What is a Backlist Anyway?

No, it’s not a typo. I didn’t mean the popular series The Blacklist. An author’s backlist is all the works published before the current one. A lot of times and if you’re like James Patterson or J.D. Robb who have extensive backlists, you tend to forget about them. With Patterson and Robb the current book generally “sells” all the ones who came before.

For example, I started reading J. D. Robb’s “In Death” series at around book four or five, and once I finished it, I went right back to the bookstore (a brick and mortar one back then) and bought the books in the beginning of the series. Robb’s secret, I think, is that each book is more or less a standalone but builds on the previous books. So, that out-of-sequence book I read was enough for me to get the gist of the characters and the world-building, but for the details, I needed the earlier books.

And if you’re Patterson or Robb, you have a publisher’s publicity department behind you, making sure readers don’t forget your backlist.

I don’t have a publicity department, other than me, my computer, and Canva.

Believe it or Not. . .

. . . I have 19 titles on my backlist–collections of short stories, novelettes, novellas, and full-length novels. A couple of years ago, I set a goal to catch up to my literary mentor (though he had no idea he was) John le Carre. At the time of his death in December 2020, le Carre had 25 books published, 26 if you count a quasi-autobiography, a collection of essays entitled The Pigeon Tunnel, 27 if you count the novel being published posthumously this year, Silverview.

Depending on which way you count them, I have either seven or eight to go. And I do have them planned out: two trilogies and two standalones, which would bring me up to a tie with le Carre. And there’s still NaNoWriMo every year.

I will never be as popular as le Carre. I mean, let’s be realistic. He was the master of realistic spy fiction. I’m an apprentice at best. But we all need something to strive for in life. For me, it’s book number 27.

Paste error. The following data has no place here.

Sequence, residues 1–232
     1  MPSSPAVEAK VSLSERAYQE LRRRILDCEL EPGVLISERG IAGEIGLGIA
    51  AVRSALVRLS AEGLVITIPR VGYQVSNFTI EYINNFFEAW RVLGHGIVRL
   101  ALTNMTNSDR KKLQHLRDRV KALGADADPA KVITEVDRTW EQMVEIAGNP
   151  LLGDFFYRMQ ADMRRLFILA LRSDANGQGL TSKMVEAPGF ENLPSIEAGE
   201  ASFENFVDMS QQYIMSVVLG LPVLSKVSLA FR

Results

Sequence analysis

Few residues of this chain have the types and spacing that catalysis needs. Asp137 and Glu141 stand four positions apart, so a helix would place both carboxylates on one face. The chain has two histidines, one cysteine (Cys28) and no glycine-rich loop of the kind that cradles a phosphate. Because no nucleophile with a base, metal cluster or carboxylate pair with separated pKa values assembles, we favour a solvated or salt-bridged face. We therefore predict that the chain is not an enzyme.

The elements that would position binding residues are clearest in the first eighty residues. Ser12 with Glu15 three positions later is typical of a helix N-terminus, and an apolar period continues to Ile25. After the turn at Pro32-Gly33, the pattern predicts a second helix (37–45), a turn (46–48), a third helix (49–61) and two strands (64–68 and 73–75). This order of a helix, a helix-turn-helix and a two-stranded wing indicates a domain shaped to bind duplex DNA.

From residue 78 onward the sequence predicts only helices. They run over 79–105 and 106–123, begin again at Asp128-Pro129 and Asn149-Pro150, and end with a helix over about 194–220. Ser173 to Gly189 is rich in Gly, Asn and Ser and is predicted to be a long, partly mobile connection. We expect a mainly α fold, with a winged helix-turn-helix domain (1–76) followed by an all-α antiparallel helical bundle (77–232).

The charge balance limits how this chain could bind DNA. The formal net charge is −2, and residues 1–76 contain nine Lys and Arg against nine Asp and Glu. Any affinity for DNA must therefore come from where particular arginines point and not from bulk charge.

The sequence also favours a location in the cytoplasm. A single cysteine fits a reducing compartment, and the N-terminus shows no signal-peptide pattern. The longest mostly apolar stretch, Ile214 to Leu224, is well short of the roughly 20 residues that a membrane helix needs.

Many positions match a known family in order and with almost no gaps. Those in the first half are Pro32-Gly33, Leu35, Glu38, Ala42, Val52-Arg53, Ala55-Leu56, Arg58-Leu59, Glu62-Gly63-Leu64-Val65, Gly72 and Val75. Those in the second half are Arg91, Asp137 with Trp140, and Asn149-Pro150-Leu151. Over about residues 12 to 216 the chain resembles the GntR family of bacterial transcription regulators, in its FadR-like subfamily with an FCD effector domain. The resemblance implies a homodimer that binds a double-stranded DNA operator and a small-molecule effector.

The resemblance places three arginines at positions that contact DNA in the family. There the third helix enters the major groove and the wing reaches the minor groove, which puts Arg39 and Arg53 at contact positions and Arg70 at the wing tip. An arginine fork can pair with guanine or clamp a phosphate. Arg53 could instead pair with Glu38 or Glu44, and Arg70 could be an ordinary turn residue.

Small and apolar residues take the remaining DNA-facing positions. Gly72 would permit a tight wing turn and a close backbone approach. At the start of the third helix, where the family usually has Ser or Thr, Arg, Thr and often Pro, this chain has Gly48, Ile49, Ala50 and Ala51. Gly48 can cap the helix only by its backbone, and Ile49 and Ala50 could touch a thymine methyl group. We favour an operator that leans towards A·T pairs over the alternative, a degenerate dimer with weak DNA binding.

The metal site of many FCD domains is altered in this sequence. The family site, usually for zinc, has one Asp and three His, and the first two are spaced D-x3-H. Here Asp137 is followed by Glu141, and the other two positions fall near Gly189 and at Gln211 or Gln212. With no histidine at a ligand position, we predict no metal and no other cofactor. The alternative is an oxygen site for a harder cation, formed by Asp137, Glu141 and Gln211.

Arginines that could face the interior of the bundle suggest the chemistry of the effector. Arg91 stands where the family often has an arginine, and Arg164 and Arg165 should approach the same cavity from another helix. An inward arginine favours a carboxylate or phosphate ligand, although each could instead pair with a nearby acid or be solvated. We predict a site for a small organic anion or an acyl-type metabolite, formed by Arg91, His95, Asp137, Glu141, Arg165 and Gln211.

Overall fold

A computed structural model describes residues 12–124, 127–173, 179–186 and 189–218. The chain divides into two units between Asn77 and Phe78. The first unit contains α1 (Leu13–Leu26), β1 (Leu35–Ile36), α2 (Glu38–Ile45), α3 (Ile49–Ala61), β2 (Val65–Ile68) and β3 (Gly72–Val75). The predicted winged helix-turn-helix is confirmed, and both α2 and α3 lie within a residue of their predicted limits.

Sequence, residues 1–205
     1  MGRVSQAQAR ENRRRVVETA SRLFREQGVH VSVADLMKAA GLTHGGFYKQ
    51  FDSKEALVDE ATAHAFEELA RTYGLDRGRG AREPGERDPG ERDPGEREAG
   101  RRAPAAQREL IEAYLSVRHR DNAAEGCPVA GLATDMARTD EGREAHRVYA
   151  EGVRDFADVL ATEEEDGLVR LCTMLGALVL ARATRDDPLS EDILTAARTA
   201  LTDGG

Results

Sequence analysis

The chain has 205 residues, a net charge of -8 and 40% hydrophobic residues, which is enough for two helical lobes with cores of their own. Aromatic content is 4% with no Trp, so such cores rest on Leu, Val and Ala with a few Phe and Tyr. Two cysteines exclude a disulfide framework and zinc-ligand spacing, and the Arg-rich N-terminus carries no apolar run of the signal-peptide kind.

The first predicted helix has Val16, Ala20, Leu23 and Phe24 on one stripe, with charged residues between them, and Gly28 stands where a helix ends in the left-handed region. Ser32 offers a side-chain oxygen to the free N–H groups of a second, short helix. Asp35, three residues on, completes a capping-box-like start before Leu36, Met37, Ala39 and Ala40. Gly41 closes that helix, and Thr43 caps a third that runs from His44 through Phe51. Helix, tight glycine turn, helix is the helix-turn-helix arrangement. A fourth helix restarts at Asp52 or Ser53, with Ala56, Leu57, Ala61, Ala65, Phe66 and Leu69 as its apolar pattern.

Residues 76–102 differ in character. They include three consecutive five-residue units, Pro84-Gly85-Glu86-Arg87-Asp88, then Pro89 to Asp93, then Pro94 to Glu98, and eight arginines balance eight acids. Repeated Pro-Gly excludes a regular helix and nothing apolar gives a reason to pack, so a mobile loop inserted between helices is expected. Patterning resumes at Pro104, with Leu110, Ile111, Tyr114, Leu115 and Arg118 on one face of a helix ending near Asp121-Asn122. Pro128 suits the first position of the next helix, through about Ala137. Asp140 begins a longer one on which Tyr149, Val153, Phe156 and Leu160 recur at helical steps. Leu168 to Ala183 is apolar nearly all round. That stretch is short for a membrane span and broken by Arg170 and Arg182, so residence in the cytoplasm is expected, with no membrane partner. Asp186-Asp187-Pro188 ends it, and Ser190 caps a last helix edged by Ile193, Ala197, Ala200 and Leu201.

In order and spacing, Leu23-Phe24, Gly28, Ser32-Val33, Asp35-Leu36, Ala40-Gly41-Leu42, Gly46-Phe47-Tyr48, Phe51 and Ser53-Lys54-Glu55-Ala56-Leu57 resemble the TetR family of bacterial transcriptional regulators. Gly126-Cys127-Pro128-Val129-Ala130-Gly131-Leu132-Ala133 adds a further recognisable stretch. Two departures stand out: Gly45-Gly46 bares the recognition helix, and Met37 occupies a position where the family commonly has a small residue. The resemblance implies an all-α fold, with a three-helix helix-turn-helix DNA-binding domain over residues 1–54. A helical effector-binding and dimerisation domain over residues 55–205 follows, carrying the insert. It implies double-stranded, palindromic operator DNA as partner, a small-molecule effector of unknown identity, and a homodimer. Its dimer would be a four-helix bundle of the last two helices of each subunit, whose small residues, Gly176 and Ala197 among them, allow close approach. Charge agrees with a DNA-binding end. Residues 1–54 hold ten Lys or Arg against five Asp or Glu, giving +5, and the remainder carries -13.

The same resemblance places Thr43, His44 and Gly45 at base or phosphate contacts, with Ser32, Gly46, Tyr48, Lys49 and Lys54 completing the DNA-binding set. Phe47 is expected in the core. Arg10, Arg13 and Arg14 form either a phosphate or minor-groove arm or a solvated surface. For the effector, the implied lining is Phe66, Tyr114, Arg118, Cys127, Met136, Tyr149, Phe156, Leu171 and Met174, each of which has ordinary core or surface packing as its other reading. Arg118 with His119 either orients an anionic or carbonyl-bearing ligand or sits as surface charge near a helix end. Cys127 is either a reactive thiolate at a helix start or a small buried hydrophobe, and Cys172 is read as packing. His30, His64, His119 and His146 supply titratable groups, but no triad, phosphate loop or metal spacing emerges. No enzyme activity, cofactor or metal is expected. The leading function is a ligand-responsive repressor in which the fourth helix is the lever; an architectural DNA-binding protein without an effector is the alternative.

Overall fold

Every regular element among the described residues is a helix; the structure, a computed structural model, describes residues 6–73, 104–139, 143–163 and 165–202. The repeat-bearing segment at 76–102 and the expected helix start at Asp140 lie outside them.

In the Meantime

There’s my backlist that needs tending and attention, which is why for the last several months I’ve been featuring those titles in monthly sales specials.

This month, August 2021, it’s two more of my novellas, A Change for the Better and Dateline: Belgrade.

A Change for the Better started out as two novelettes, Who Watches the Watchmen? and Hidden Agendas. I wrote those novelettes in the aftermath of the 2016 election, which was a big downer for me. They came out in 2017, but when I looked at them again last year, I decided they were related more than I realized earlier.

Some transition material, a new cover, and unpublishing the novelettes, and I had a novella that I thought was a much better project.

Dateline: Belgrade had its genesis in material I’d cut from my trilogy, Self-Inflicted Wounds. When I first started that trilogy, which began as a single novel, I interspersed news-like articles throughout the manuscript. Those news stories were my recasts of actual news articles published about the situation in the Balkans. So, yes, I made them up, but they were based in reality, unlike today’s fake news, which is. . . Well, no need to go there.

Self-Inflicted Wounds‘ beta readers and my critique group said the sprinkling of news articles was “distracting” and “incomprehensible,” words no writer wants to hear, so I excised them–but, and this is excellent writing advice, I didn’t delete them. I gathered them in a file with a taste of bitterness because I had worked as hard in making those news stories accurate and relevant as I had on the trilogy itself.

After whining about this to my marketing consultant, she suggested early last year I make them a reader magnet for the trilogy, which was coming out in the fall. That’s what I did, and that’s how I got Dateline: Belgrade.

Readers Want to Read

Like the example I gave about me and J. D. Robb’s books, when readers find an author they like, they want more. It seems like most of my life I spent waiting for the next Star Trek novel, the next Stephen King, the next Margaret Atwood, the next J. D. Robb–some among the many.

So, it’s important for readers to know you have a backlist. With me, you’re not going to get a half-dozen books a year. Twenty-twenty was an anomaly for me–five books in a year. I won’t do that again. The most you’re going to get from me is one a year from now on. Anything more, and the quality will diminish. That’s what I don’t want. I want to put a quality book in your hands or on your Kindle, and for me that takes time. Thank goodness I have a bunch o’ books in rough draft so I can live up to that commitment.

Oh, and did I mention my backlist?

The featured books for August 2021 are on sale for 99 cents for the ebook versions. You can find A Change for the Better and Dateline: Belgrade–and the rest of my backlist–HERE.